10 Virtually Instant Ways to Improve E-Newsletters

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Your e-newsletter is your link to your prospects and your clients.  So, it’s important to make it useful, relevant, and helpful.

Here are 10 quick ways to improve your e-mail newsletter marketing and get better results.

1. Limit the number of steps to sign up

The more questions you ask, the lower the opt-in rate will be.  Make it as simple and easy as possible.  Name and email are best (or even just email).  Don’t ask anything else unless you have to (for example if you’re sending fashion tips, you’ll need to know gender.

2. Review your sign up process

Spell out what they’ll get when they sign up (a book, a video, an e-course), how often they’ll get it (monthly, weekly, daily), and the kind of information they’ll receive (graphic design tips, reviews of the latest camping gear,

3. Check your confirmation page

Does it spell out exactly what will happen next?  Are the instructions clear?  If yours is confusing, change it.  Sometimes, people see “subscribe” and think they need to pay, others see it as a reminder that they’ll be getting regular information and emails.  Experiment with the wording and see what performs best for your readers.  Make sure you ask them to whitelist you too (add your email to their address books), so the message doesn’t fall into the spam folder by mistake.

4. Include links back to your blog

This gets more clicks and traffic back to your site.  Add links to posts that expand or complement the topic of that particular issue. Or, highlight the best posts of the past month/week (depending on your frequency).  Include posts by other people too (as long as it’s useful and relevant to your audience – no sneaking in tips about hiking gear to a newsletter about decorating with stained glass.

5. Tweak the design

If you’re using HTML (graphics) for your newsletter, take a look at the design. Is it easy to follow?  Or, are you trying to cover 5 or 6 different topics at once? Add more white space, to make it easier to read.

6. Cut down the content

Sometimes too much information can be overwhelming.  Try three articles instead of six.  If there’s one primary article or topic, make it bigger than the other two (but not too big, or it will drown them out).  Edit ruthlessly.

7. Add more calls to action

If you want people to do something (like watch your how-to videos), ask more than once. Make it clear that’s what you want (“watch the how-to video”).  If you don’t ask, you don’t get.

8. Test your subject lines

Which gets more opens and clicks?  Subject lines with questions (Is HTML better than text?);  subject lines with numbers (4 Things Your Website Must Have)? Or a subject line that promises something (Turn Your Trash into Cash)? Remember, what works for me, or for your friend, or for a famous blogger may (or may not) work for you.  Each audience is different.

9. Be consistent

Send it around the same time, on the same day each week/month/day.  You can schedule this easily in AWeber.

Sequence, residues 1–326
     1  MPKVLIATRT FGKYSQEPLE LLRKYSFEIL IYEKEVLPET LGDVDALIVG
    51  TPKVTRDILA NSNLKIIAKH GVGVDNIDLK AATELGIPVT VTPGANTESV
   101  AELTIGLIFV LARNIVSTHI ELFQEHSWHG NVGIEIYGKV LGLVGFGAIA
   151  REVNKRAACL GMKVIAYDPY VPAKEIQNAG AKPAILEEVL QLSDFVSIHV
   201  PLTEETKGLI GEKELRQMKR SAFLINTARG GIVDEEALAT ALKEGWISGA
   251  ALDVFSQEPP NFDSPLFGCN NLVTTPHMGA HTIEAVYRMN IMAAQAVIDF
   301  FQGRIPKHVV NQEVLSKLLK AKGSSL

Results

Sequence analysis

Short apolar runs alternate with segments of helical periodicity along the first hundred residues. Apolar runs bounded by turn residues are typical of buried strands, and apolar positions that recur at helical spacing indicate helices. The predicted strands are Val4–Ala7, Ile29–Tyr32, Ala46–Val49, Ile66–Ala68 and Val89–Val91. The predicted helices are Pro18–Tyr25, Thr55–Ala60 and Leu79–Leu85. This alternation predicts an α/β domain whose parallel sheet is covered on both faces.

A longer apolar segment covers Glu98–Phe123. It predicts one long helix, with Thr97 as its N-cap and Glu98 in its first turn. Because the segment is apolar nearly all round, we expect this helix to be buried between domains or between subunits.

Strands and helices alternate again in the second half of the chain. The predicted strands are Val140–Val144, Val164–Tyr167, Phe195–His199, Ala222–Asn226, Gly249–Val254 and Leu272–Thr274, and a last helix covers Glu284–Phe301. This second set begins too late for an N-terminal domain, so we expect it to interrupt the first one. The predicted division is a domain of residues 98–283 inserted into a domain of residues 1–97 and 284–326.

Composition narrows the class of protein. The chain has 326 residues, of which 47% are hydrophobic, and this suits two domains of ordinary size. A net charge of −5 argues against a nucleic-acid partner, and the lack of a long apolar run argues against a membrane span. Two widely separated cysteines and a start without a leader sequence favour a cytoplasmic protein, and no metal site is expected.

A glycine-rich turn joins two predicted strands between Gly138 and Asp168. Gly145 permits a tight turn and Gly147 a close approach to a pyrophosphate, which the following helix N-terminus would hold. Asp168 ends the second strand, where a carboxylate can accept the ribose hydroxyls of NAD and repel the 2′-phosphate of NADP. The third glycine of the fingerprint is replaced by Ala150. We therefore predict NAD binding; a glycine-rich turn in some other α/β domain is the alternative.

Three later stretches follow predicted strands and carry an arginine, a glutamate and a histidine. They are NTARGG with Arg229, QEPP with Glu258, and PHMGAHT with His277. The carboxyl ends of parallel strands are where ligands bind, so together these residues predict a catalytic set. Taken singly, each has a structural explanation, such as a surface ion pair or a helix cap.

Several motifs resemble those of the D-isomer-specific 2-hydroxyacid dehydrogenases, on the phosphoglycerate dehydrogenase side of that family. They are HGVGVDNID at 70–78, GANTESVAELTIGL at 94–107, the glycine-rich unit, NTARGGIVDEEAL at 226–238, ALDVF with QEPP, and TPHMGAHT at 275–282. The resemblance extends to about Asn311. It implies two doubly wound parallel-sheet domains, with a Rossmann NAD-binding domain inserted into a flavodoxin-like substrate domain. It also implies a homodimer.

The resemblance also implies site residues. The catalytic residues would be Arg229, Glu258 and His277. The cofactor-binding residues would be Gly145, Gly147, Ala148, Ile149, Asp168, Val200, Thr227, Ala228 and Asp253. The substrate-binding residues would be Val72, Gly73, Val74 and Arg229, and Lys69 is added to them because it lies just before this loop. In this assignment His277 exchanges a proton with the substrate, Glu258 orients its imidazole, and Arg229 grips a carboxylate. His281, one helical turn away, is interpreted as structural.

10.  Ask for feedback and encourage replies

You can put up a survey in Google docs (or use survey monkey) if you like.  Or, just make it clear that your virtual door is open.  I include a note saying that if you have a question or comment you can just hit reply.  It goes straight to my personal inbox.

A Simple Headline Writing Tip That Gets More Readers

numbers in headlines
Want to hear a simple headline writing tip? It’s become extraordinarily popular recently, but the truth is that this headline secret has been used since the days of Claude Hopkins in the 1920s to get readers to stop and take notice.

It’s really easy too. And, it doesn’t even involve using words.

What do these headlines have in common?

“8 Habits of Highly Effective Copywriters”

This works because it promises something short (only eight items to remember) and offers a big promise.  Learn a few new habits and your writing will be far more effective. The unspoken payoff is that you’ll then earn more and get more clients.

“How to Write a Blog Post in 15 Minutes”

This headline offers to help you do something hard (write a blog post) and cut the time needed to a fraction of what you probably expected it to take.

“Increase Your Blog Subscription Rate by 153%”

This promises specific, definite results.  Not just 150%, but 153. The exact number makes the claim far more credible.

“103 Ways to Get Top Bloggers to Link to You”

We want more links because links can bring more traffic and more clicks.  Offering over a hundred different ways to do it, and telling us that we can not only get those links, but receive them from top bloggers is a compelling promise.

15 Marketing Terms You Need to Know

The common theme is that they all have numbers in them. I know, everyone “hates” list posts, but they do get people to stop and look. And, the secret to successful marketing isn’t what you personally prefer. It’s what works.

Why numbers work

Numbers work because they force us to focus – and because they give us a finite, concrete sounding example of something; only 15 minutes to write a great post, or 103 ways to get noticed by blogging superstars.  Spend a few minutes reading these tips and you’ll get something concrete and important when you’re finished.

The more specific the number, the better.  For example, if you increased your subscription rate by 153%, don’t round it down to 150%, the “odd’ number looks more believable.

Lists and checklists

Lists help us process information and tell our brains that we’re getting a reward. A short list tells us that we can find out something useful in just a few minutes. A longer one shouts that it’s definitive and comprehensive.

A list called “five steps to getting clients on Facebook” tells us that if we just do five things, we’ll be able to turn our Facebook efforts into a powerful marketing tool. “101” Copywriting Tricks” promises information that will make our writing better and more effective, all in an easy-to-follow format.  Just go through the list and you’ve accomplished something big.